May 18: With Earth in the background, astronauts John Grunsfeld, rear, and Andrew Feustel work to upgrade the Hubble Space Telescope.
May 18: Astronaut John Grunsfeld is reflected on the surface of the Hubble Space Telescope.
A graphic illustrates all the planned repairs to the Hubble Space Telescope on this final maintenance mission.
May 18: Astronaut Andrew Feustel works to upgrade the Hubble Space Telescope during the shuttle mission's final spacewalk.
May 12: Space shuttle Atlantis in silhouette as it passes in front of the sun, as seen via telescope from Florida.
May 14: Astronaut Andrew Feustel works on the Hubble Space Telescope during the first of five spacewalks.
May 13: The Hubble Space Telescope suspended over ocean waves far below, as seen from space shuttle Atlantis.
Two astronauts finished up their work on the Hubble Space Telescope Monday, becoming the last two humans to ever lay hands on the orbiting observatory.
"Wow, look at Hubble," one of the astronauts said as they shut the door to the telescope's inside.
NASA is confident Hubble will be more powerful than ever for the next five to 10 years, thanks to the upgrades and repairs in five daily spacewalks that began Thursday.
Astronauts Mike Good, Andrew Feustel, John Grunsfeld and Mike Massimino gave Hubble two state-of-the-art science instruments, new batteries and new gyroscopes.
The $220 million worth of new instruments should allow the telescope to peer even deeper into space and time, as far back as 13 billion years, almost to the beginning of the universe.
"This is a real great day," Mission Control told Grunsfeld and Feustel during the final spacewalk Monday, "a great way to finish this out."
Keen on leaving the 19-year-old observatory in the best possible shape, chief mechanic John Grunsfeld and Andrew Feustel gave the telescope another fresh set of batteries Monday and a new sensor for fine pointing.
That left enough time to install steel foil sheets to protect against radiation and the extreme temperature changes of space.
It was messy work. Pieces of the old insulation broke off and floated harmlessly away.
"I was hoping to retrieve those for memories," Grunsfeld said.
As he applied the new insulation with a roller, a voice from space sang "Rollin', rollin', rollin'" to the theme song from the TV show "Rawhide."
Only one of the other four spacewalks went as smoothly. Sunday's was particularly exasperating: a stuck bolt almost prevented another team of astronauts from fixing a burned-out science instrument. Brute force saved the day, but so much time was lost that no protective sheets could be installed.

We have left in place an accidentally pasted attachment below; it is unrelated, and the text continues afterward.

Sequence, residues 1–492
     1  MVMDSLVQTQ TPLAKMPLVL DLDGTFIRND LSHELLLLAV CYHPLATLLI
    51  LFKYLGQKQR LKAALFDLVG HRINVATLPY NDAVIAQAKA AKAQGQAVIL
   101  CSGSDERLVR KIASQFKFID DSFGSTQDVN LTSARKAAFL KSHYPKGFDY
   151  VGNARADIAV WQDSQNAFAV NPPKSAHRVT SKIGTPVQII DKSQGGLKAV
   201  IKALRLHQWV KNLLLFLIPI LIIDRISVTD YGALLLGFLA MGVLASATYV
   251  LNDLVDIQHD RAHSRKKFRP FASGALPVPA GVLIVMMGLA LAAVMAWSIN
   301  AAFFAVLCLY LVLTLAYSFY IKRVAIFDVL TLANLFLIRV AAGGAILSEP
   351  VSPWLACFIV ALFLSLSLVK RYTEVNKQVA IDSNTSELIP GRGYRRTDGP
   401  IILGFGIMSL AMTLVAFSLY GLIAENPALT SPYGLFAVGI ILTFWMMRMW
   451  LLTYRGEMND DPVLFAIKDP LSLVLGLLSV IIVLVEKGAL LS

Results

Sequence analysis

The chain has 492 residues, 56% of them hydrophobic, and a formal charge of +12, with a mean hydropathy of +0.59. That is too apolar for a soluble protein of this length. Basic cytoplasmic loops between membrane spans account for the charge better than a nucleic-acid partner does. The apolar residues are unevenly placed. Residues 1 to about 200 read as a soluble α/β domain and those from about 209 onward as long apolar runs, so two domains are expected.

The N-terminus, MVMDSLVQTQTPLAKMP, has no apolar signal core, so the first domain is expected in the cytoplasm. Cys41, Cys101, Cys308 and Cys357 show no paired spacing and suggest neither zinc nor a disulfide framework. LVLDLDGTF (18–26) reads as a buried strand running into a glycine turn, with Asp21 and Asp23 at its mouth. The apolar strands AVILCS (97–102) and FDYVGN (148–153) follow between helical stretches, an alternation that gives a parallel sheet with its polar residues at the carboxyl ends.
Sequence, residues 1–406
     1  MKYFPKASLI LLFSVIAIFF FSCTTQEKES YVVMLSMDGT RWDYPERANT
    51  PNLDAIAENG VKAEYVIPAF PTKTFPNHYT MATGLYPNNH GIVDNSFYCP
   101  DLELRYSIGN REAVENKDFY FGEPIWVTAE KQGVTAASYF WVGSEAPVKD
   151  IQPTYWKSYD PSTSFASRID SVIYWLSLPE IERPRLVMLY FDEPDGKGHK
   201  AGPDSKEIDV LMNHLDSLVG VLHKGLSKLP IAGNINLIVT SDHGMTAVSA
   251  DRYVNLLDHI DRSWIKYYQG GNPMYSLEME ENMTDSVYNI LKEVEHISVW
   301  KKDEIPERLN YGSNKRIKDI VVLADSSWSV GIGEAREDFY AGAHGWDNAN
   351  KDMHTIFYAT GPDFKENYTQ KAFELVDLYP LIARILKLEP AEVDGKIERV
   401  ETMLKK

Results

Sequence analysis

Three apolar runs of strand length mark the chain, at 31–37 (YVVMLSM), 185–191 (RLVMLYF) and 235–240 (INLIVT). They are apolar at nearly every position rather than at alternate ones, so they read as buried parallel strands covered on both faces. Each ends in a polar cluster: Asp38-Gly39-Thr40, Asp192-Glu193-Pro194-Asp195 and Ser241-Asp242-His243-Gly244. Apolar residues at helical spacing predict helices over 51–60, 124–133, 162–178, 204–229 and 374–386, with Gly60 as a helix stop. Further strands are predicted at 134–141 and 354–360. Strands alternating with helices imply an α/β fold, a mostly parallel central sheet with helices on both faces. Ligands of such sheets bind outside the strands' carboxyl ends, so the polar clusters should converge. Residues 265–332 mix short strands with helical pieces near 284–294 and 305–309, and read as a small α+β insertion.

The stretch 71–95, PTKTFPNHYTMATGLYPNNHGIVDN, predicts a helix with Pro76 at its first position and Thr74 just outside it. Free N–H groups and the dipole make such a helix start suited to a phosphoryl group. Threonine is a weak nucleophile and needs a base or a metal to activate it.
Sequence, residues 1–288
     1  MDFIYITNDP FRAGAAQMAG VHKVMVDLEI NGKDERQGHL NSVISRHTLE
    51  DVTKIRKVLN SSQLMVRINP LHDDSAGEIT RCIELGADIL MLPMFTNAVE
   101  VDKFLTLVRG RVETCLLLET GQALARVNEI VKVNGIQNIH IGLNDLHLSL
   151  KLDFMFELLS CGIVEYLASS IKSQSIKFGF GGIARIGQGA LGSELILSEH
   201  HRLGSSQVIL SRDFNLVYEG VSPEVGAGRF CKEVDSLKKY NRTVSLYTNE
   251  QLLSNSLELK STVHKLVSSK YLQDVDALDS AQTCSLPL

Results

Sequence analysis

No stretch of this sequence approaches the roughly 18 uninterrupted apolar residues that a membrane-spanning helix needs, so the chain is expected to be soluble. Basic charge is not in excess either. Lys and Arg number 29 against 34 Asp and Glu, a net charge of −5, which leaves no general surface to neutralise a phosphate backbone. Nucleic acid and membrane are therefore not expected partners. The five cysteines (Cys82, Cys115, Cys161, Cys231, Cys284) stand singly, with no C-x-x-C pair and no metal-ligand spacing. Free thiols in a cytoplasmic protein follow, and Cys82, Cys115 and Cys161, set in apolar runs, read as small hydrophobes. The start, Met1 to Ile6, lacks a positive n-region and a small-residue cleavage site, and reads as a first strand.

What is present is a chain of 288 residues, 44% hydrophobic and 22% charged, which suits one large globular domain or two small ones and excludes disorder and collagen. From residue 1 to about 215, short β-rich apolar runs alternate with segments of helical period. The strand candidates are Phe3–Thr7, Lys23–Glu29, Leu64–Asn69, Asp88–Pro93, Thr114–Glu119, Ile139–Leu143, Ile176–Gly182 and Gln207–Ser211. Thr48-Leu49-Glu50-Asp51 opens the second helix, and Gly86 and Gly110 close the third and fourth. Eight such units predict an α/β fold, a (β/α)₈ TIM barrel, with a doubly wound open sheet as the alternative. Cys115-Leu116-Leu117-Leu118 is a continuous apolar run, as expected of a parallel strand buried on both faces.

Grunsfeld and Feustel completed Sunday's missed work.
The shuttle astronauts will set Hubble free Tuesday.
During the mission, the four spacewalkers, two per team, managed to fix two science instruments that had broken down years ago and were never meant to be tinkered with in orbit, and replaced a faltering science data-handling device.
They also installed a docking device so a robotic craft can latch on and steer the telescope into the Pacific sometime in the early 2020s.
All told, this visit to Hubble cost more than $1 billion.
Hubble senior project scientist David Leckrone was hoping the spacewalkers would give the telescope a goodbye hug on behalf of the "thousands and thousands of Hubble huggers all over the world."
Grunsfeld, an astrophysicist who has spent more time working on the orbiting Hubble than anyone, was expected to do the honors. He's visited Hubble twice before, and plans to use the telescope once he's back on Earth to study the moon.
NASA hopes to crank Hubble back up by summer's end, following extensive testing of its new parts.
Already, though, scientists have gotten more than they could have hoped out of Hubble, which was launched in 1990 with a projected working lifetime of 15 years.
Once its blurred vision was corrected in 1993 and NASA's reputation was restored, the telescope began churning out breathtaking images: among other things, stars in the throes of birth and death.
Back at the launch site, meanwhile, NASA maintained its vigil in case another shuttle needed to rush to the rescue.
Atlantis escaped serious launch damage a week ago, but was susceptible to all the space junk in Hubble's 350-mile-high orbit. The astronauts will perform one last survey of their ship after releasing the telescope.
NASA took unprecedented steps to have Endeavour on the pad as a rescue ship, because the Atlantis astronauts have nowhere to seek shelter if they cannot return to Earth because of shuttle damage. The space station is in another, unreachable orbit.
The increased risk prompted NASA to cancel the mission five years ago in the wake of the Columbia accident. It was reinstated two years later.
With NASA's three remaining space shuttles set for retirement next year, there will no way for astronauts to return to Hubble.
The new spacecraft under development will be much smaller and less of a workhorse than the shuttle, and lack a big robot arm for grabbing the telescope.
Hubble's replacement, the James Webb Space Telescope, will be launched in 2014 by an unmanned rocket and placed in an orbit inaccessible to astronauts.
The Associated Press contributed to this report.